The Occasional Movie Review

Hyde.Park.On.HudsonSomehow, it isn’t at all surprising that a president–especially one as generally well respected by history as Franklin Delano Roosevelt–would have a mistress. Or perhaps mistresses. Which may be part of the point of the movie Hyde Park on Hudson: to portray FDR as a regular, flawed man, and not the overblown four-time leader of the free world that he sometimes is viewed as.

The story is based on the diaries and journals of Margaret “Daisy” Suckley, FDR’s sixth cousin. These manuscripts weren’t discovered until her death at the age of 100 in 1991. In them, surprising stories were told of her–and apparently others’–intimate relationships with FDR.

The film focuses on the June 1939 visit by King George VI and Queen Elizabeth to the summer home FDR and his mother shared: the Springwood Estate at Hyde Park, NY. The King had been sent expressly by the British government to ask for American support in the likely event that Britain would become involved in World War II. FDR knew this, but he and his mother worked to make the visit a low-key affair, which put the royals on their heels a bit.

Intertwined in this is Daisy’s love affair with FDR, the discovery of an affair by the president and his secretary, and a disclosed third mistress, along with the arrival of his wife Eleanor, and the whole event takes on comic and dramatic overtones, even when it’s supposed to be an important meeting of the two countries.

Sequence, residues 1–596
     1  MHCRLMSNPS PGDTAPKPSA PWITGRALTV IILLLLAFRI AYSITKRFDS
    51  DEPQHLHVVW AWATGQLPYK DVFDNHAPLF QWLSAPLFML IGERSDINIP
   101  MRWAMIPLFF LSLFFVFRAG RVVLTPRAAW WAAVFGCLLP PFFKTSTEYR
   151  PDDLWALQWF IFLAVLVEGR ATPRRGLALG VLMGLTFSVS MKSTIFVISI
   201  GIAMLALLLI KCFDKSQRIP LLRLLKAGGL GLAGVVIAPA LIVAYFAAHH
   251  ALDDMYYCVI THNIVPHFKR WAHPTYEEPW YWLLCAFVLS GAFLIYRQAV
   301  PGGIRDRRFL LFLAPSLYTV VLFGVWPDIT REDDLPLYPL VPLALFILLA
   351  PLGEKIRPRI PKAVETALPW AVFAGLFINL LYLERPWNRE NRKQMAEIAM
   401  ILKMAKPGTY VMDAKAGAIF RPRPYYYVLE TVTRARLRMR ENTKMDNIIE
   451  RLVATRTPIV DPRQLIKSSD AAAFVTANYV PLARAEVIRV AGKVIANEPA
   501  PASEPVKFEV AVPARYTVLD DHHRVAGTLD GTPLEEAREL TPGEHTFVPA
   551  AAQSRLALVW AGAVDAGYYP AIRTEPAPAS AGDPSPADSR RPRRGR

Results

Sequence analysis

All told, it’s a wonderful film. Laura Linney is, as always, simultaneously proper, dramatic, and nervous. But Bill Murray’s FDR is remarkable. Nothing is over the top, and yet you almost feel like the character is being properly played as a caricature. He’s convincing, but in the dramatic parts and in the comedic parts of the movie. And what’s even better is that everyone’s character, while played with deserving weight, seems almost effortless and light, making the 95 minute movie move along quickly.

If you’re into the docudrama kind of thing, enjoy great stretches of dialog, and well-played acting, then this movie is definitely for you. Four out of Five Stars. 

See you tomorrow.